It is of no surprise to anybody that Australian culture does have embedded within it a certain attitude to and behaviour associated with drinking alcohol on many, many different occasions. That in itself I do not see as a problem. Responsible alcohol consumption is part of life. It is part of the things that we do to celebrate, to commiserate, to commemorate—to just live our lives, enjoy ourselves and have a particular lifestyle. But it is when that behaviour becomes a problem for others or for a particular individual that it becomes a problem for government, in the sense that it is the taxpayer that ends up picking up the bill. The taxpayer picks up the social costs, the health costs, the hospitalisation costs, the road trauma costs—all of the costs associated with the worst effects, the worst impacts, of people who abuse alcohol—and we see that nowhere more prevalent than in abuse of alcohol by young people. Young people need to understand that. Although they often pay a high price themselves they need to understand that there is a cost beyond that—the cost of hospitalisation, the cost of doctors and the time they spend, the social cost of what it can do to families, such as family break-up with a whole range of associated issues. I am confident that, as part of the package that we have on the table, we have some serious money to try to deal with some of the excesses.

On the more technical issue of what this bill does, should there be more tax on this particular product? This seems to be at the core of questions being asked, particularly by members of the opposition. In the end, what this bill does is realign properly the rate of excise on premixed drinks, which was an anomaly created under the previous government during the Howard era. The lower rate of excise for premixed spirits that was introduced by the former government was associated directly with a 250 per cent increase in sales of ready-to-drink products. It is pretty clear that, from the point where the previous government made a tax change to make it cheaper for those particular products, there was a massive spike. The problem with the spike in those particular products is how they are marketed, how they are delivered, how they are consumed and the impact they have on people. Unlike other products where you can clearly identify the alcohol through smell, colour and taste, the problem with alcopops is that they are almost a soft drink. That is what they smell like, that is what they look like and that is what they taste like—and there is no question that that is a deliberate marketing strategy by the industry.

I can understand that the industry is trying to promote a product, but if the industry wants to promote a product that contains alcohol then it must do so within a bound set of rules and it must do so responsibly. It must do so in a manner which is ethical. While there is nothing morally wrong or unethical about sweet flavoured alcopop type drinks, what is wrong is deliberate marketing campaigns to particularly target young people through certain sporting facilities or through other marketing methods that deliberately aim at one particular class of person, one category of people in the community, with a drink where you cannot really tell whether you are drinking alcohol or not. People do not really know, and may not know until it is too late, exactly just what it is they are consuming and the impact it is having on them. The industry needs to do a little bit of soul-searching and maybe look a little bit closer at the way they produce, market and develop these products. Of course, if they do not then that is where government has a role to play.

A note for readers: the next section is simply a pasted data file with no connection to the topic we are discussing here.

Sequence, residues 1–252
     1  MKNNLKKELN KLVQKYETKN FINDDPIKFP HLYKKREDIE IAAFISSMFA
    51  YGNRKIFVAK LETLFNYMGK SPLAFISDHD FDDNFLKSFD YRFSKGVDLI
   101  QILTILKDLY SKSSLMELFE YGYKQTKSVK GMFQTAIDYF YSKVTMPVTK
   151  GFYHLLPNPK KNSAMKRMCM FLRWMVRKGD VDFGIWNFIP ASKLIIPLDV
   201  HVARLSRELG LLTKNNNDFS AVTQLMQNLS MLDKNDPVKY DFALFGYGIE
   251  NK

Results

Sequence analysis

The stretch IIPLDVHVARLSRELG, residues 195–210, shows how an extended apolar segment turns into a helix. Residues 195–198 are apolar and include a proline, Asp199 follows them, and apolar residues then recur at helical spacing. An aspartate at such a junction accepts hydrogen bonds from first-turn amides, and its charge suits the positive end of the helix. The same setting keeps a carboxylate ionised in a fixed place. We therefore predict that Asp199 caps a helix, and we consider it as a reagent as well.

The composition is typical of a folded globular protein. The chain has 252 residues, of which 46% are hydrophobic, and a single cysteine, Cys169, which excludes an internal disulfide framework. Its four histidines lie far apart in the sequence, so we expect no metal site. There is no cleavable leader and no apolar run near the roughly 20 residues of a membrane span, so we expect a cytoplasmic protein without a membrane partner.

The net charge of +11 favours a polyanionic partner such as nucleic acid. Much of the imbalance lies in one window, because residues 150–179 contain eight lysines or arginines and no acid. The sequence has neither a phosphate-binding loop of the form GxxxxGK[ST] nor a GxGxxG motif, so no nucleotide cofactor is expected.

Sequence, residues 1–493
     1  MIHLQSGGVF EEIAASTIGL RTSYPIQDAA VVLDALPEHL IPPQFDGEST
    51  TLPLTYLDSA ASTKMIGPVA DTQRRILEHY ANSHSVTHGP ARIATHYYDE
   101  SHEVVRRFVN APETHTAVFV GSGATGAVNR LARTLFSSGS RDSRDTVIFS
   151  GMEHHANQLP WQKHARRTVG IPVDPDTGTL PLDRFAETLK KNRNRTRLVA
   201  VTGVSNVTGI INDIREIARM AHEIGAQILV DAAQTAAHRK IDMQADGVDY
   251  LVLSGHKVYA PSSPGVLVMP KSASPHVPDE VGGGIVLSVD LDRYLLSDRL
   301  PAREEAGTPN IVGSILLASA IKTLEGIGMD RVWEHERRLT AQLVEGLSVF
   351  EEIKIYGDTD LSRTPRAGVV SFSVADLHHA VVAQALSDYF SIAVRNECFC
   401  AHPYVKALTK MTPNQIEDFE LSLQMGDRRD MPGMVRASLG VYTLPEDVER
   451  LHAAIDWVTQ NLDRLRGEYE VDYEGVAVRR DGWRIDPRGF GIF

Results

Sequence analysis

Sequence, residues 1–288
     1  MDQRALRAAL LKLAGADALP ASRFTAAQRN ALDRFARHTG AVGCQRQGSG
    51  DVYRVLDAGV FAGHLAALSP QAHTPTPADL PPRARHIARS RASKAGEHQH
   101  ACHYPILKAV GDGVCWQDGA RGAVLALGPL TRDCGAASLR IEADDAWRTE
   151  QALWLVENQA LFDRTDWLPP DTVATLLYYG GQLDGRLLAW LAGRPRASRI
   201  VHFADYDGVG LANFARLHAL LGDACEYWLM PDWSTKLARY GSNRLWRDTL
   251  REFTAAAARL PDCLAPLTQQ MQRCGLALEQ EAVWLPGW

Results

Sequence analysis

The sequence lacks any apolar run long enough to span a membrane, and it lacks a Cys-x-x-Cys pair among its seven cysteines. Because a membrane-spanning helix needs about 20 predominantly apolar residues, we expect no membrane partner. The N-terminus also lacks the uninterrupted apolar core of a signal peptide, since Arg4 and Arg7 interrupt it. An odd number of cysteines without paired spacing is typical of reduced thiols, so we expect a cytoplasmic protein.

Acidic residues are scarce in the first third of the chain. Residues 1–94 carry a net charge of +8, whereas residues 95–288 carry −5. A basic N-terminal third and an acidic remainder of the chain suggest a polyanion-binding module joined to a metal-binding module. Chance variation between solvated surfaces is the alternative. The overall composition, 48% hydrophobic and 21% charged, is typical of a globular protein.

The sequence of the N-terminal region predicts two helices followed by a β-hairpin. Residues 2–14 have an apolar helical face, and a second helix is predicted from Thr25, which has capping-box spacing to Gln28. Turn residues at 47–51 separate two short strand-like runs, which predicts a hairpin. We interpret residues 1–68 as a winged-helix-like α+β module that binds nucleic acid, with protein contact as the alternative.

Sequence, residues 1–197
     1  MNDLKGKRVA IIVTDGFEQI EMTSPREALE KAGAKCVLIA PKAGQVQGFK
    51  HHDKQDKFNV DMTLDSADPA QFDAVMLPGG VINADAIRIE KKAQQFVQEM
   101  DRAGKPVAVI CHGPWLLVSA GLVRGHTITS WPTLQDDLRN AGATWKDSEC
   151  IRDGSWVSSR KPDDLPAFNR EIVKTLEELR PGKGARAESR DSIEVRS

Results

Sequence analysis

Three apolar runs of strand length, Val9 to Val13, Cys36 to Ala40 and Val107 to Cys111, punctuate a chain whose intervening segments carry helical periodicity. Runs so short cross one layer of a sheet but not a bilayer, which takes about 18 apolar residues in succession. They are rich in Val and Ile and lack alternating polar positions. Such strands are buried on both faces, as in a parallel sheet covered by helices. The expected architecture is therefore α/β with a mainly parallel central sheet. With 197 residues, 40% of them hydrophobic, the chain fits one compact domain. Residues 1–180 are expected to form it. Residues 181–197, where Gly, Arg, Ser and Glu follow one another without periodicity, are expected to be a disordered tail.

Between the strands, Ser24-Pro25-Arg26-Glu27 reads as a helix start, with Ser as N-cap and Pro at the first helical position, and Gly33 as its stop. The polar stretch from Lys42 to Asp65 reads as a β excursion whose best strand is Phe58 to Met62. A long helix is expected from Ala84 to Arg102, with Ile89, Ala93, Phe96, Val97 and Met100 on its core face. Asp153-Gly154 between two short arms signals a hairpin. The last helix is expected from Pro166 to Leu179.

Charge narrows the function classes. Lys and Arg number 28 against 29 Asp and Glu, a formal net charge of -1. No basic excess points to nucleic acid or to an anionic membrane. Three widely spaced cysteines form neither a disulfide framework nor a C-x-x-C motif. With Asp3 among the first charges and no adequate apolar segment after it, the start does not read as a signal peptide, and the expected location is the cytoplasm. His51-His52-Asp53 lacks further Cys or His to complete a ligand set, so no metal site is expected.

That is what we are doing here today. It is the responsibility of the government to curb those excesses and to ensure that people are safe. It does not mean that you cannot buy these products. It just means there will be a higher cost associated with those products, and that high cost will be reflected in a number of ways. The outcome, that higher cost—the tax revenue to government—will fund the campaigns I mentioned earlier. That is where that extra revenue to government will be going. We will be trying to address those excesses and the problems in the community that are created by abuse of alcohol generally but particularly with RTDs.

Along with the changes made by the previous government and the associated 250 per cent increase in sales of RTDs, we know that in 2004 62 per cent of female drinkers aged between 15 and 17 reported that they were drinking more RTDs. In 2000, the figure was only 14 per cent. Again, there is a marked leap in the number of people who particularly started to consume these products once they realised the lower cost. I think we can clearly identify that price does have an impact on who buys it and how much of it they buy. There will always be replacements. That is something that you can never get away from, but we must curb consumption of those particular drinks by young people. Older people might have a better comprehension of this and a better measure of the amount they are drinking. The issue is with younger people who may not be able to tell the difference. I think the industry needs to pay more attention in this area.